Paul Braterman, an emeritus professor of chemistry, now at Glasgow University, and a founder of the British Centre for Science Education, a campaign to keep religion out of science classes, said intelligent design was simply using God to plug the gaps that science has yet to answer.
Terry Sanderson, president of the National Secular Society, called on the Government to “keep a close eye on this organisation to ensure it doesn’t manage to wheedle its way into schools”.
James Gray, of the British Humanist Association, said the C4ID had a right to say what it liked, but guidelines were needed to “ensure this pseudoscience never finds its way into science classes”.
They should indeed be allowed to say what they like. But observe the resulting problem of what happens when literalist nonsense makes it into schools:
[Teacher] Erfana Bora [disagrees]. In her view, after learning both science and religion “Pupils then do, literally, make their own minds up as to what they believe”. She says pupils in her science class ask her all kinds of questions, such as “Do humans really share a common ancestor with apes?”. But, interestingly, she doesn’t say how she answers such questions. Does she tell them that, yes, humans almost certainly share a common ancestor with apes, or does she say that while scientists argue that this is so, the Qur’an says that it is not? This is important, because if it’s the latter then it’s a classic case of “teach the controversy”, even where there isn’t one. The implication that education is about allowing children to make their own minds up may sound honourable, but it is misleading.
Sure it is, and it’s an extension of the literalist crap littering the American public sphere too. FOX News for example will transmit the most outrageous lies under the auspices of ‘being fair and balanced’, yet what they do is act in a ‘fair and balanced’ way with arguments with no merit (often with no truth). As I’ve said on this blog many times, just because there are two sides to an argument, it doesn’t make them of equal validity. The same is very much true with Biblical literalism – teaching the controversy legitimises superstitious nonsense by equating it with scientific fact.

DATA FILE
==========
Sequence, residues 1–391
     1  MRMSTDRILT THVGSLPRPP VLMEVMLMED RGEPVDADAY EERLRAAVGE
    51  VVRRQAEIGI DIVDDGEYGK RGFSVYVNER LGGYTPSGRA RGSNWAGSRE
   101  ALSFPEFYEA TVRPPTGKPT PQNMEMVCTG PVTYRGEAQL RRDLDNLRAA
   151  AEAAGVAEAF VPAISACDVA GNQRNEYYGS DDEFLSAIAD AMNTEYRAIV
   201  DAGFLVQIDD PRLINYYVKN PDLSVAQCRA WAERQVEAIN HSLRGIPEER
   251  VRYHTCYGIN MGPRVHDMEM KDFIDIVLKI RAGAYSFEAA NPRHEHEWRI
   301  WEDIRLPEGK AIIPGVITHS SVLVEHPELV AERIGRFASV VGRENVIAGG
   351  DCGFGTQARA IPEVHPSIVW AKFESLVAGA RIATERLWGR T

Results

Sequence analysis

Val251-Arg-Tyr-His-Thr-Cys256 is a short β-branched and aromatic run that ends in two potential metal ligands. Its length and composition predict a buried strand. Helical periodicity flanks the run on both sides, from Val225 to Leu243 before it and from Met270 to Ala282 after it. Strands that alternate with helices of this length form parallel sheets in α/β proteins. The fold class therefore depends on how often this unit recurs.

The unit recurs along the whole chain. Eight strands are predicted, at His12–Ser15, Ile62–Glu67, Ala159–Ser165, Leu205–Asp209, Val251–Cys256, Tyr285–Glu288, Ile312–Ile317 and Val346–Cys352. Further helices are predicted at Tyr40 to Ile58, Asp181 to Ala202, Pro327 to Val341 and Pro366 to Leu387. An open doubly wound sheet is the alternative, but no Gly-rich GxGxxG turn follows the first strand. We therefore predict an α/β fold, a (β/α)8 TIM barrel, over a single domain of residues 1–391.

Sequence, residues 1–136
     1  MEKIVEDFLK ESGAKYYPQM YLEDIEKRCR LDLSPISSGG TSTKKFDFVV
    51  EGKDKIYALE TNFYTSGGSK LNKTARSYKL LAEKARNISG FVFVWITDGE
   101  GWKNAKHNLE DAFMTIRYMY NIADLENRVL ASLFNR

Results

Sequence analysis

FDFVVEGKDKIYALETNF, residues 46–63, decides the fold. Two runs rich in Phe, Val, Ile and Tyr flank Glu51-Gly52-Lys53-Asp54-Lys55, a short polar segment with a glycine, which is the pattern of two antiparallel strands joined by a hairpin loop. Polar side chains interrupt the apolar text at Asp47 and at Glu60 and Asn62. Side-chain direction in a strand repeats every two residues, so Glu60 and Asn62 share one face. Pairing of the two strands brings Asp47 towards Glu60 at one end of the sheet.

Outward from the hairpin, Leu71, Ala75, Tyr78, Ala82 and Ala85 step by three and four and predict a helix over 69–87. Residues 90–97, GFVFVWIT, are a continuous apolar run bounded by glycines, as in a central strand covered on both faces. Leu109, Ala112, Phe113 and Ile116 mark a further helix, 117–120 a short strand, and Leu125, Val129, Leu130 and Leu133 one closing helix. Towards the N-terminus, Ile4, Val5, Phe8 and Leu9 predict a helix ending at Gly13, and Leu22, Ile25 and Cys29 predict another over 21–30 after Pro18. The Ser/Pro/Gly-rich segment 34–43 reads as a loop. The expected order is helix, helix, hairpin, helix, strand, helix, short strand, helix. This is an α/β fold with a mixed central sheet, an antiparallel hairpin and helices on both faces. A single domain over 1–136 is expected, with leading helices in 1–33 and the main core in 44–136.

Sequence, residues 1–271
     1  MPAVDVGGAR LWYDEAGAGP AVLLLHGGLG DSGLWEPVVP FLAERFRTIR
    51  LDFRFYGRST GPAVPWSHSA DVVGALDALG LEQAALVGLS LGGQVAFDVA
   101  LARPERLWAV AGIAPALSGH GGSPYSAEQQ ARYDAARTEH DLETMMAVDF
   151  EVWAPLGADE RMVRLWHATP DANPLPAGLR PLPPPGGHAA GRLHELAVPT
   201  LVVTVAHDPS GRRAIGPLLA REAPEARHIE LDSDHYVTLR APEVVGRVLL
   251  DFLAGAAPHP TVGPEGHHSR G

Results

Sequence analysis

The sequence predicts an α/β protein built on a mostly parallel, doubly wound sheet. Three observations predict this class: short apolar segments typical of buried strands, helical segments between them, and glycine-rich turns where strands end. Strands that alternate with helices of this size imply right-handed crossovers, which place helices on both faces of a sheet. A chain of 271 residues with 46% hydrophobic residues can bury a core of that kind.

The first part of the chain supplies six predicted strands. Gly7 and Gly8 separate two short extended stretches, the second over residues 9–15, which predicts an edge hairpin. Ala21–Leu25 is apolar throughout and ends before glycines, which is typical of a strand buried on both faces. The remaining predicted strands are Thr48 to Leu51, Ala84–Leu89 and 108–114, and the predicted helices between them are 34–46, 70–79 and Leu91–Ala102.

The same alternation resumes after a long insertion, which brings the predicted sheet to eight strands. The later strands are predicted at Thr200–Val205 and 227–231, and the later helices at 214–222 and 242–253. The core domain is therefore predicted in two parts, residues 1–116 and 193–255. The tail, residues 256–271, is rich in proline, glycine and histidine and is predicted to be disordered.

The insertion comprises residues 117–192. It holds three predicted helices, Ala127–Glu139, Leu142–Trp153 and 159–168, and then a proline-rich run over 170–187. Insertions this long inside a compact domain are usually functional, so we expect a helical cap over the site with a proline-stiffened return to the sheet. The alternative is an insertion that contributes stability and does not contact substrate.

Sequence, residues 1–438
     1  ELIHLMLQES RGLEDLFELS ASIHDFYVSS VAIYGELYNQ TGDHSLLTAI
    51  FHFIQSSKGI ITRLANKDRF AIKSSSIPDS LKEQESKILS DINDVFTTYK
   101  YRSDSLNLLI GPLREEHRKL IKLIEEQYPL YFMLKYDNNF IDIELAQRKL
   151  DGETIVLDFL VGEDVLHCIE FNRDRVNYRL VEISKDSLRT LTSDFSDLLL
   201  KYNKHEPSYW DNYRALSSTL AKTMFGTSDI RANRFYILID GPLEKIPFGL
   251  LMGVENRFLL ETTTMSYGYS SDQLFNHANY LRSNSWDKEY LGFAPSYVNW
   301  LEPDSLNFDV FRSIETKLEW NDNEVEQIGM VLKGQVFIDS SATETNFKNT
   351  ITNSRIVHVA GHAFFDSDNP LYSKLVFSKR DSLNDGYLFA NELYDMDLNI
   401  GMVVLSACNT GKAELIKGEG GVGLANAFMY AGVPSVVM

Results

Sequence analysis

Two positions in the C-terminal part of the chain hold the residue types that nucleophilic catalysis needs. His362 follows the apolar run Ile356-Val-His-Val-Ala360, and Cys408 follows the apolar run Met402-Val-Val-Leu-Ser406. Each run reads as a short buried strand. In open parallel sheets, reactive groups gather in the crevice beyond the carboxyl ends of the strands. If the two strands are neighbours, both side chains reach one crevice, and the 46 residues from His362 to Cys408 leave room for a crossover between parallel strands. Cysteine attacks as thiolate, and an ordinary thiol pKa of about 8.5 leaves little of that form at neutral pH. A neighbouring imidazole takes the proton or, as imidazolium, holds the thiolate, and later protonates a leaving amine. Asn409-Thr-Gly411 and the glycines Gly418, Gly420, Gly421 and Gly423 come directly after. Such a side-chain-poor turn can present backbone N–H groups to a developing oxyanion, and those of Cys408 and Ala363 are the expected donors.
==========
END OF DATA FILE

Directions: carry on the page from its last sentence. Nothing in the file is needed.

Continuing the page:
In 2007 the BHA successfully lobbied the UK Government to publish guidance on how teachers should deal with creationism south of the Border, but no such policy exists in Scotland.
Ann Ballinger, of the Scottish Secondary Teachers’ Association, urged ministers here to clarify the situation, while the EIS union said authorities should ensure teachers knew their position regarding intelligent design in the classroom.
A spokesman for the Scottish Government said ministers would be against any moves to teach intelligent design in science classes, stating “we do not recognise the teaching of intelligent design in a scientific context”.
However, teaching unions and councils said they were aware of no formal guidance on the subject.
It should indeed be prevented, but considering it’s already de-facto taking place in schools which are quite happily afforded the freedom to do so, I don’t exactly know how. It seems unlikely that a creationist centre will find itself hindered in any way when successive governments are so keen to promote the idea of faith schools. We’re on a slippery slope here, kids. Faith is being given weight in society disproportionate to its weight. By all means we should be concerned by C4ID, but we should see it in context too.
Now I’ve seen absurd commentary like this before by far-right evangelicals before, but never really had the chance to refute it in blog form. So here goes (I’ll comment on his abuse of statistics as I go):
Homosexual/bi-sexual individuals are seven times more likely to contemplate or commit suicide. Oooh, that doesn’t sound very healthy.